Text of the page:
At some point I’d like to have the services of a good mechanic to take along to the auctions to assist me with pre-evaluation prior to auction.

Having been in the contracting business for 25 years I learned that it is critical to explore the best possible ways to exploit the market according to consumer demand, the amount and type of competition, and all pertinent resources available to me. This means constantly customizing and refining my business model to best utilize my available resources to maximize my returns. This entails but it not limited to exploiting a niche market. For example, most dealers go after Japanese cars because public perception makes them popular with consumers so that they are good sellers. However, because so many dealers do this, the law of supply and demand causes them to go for a premium price at auction. This means that cars in my budget range generally go for nearly twice what a comparable American or European made car would go for so that I stay away from Japanese cars altogether.

Always being short on financial resources has made me very resourceful and shrewd in every other aspect of doing business so that I never become stagnant but always adapting, refining and seeking out other and better solutions. Right now, I live in an apartment and have a storage unit to store all my tools and equipment and only buy 1 or 2 cars at a time keeping them at the apartment whereas when I am able to start purchasing more cars I will seek out either renting a house with shop space and car storage space or a joint venture with someone else who currently has extra shop and storage space available that could lease it out. I already know 2 contractors who might be interested in doing this.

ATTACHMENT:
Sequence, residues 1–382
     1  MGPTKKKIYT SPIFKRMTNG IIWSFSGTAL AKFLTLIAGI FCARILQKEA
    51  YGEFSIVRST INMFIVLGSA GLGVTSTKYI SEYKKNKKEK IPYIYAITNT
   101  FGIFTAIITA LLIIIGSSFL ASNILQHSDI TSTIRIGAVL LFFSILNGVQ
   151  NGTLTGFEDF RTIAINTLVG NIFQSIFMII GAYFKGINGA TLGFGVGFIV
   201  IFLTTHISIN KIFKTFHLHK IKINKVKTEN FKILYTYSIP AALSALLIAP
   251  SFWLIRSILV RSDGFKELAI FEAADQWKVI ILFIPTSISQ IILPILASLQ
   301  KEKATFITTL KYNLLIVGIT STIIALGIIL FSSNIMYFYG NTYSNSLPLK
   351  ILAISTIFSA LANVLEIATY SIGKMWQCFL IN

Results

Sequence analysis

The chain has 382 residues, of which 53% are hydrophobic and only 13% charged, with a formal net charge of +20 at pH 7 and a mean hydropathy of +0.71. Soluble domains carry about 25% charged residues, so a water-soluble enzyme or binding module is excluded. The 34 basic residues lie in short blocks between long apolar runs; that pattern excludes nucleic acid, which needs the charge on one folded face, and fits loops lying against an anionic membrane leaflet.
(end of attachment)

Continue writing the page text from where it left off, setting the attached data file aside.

I could go on and on but I will stop here and see if you have any more specific questions which I would be glad to answer. I would also add that having moved to Florida within the past year, I am currently working on getting my roofing license and then possibly adding a general contracting license so that there is the possibility that we could do some business there as well. I already have a national source that would give me about 4 to 10 roofs per month in any region of Florida to my choosing once I obtain the license, insurance and etc. This has enormous potential and is very easy stuff for me since I have personally installed over 4,000 roofs and have managed as many as 10 crews at a time during storm seasons. Speaking of which, with a state certified roofing license in place before the next hurricane along with sufficient financial backing I could earn a million dollars or more off of one good storm !

Thanks again,
Mark Heatherly
352-256-9718

Mar 11, 2011
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I'd like to hear more about your business.

respond to
Linwood Jones
ljones@ljicapital.com

Mar 10, 2011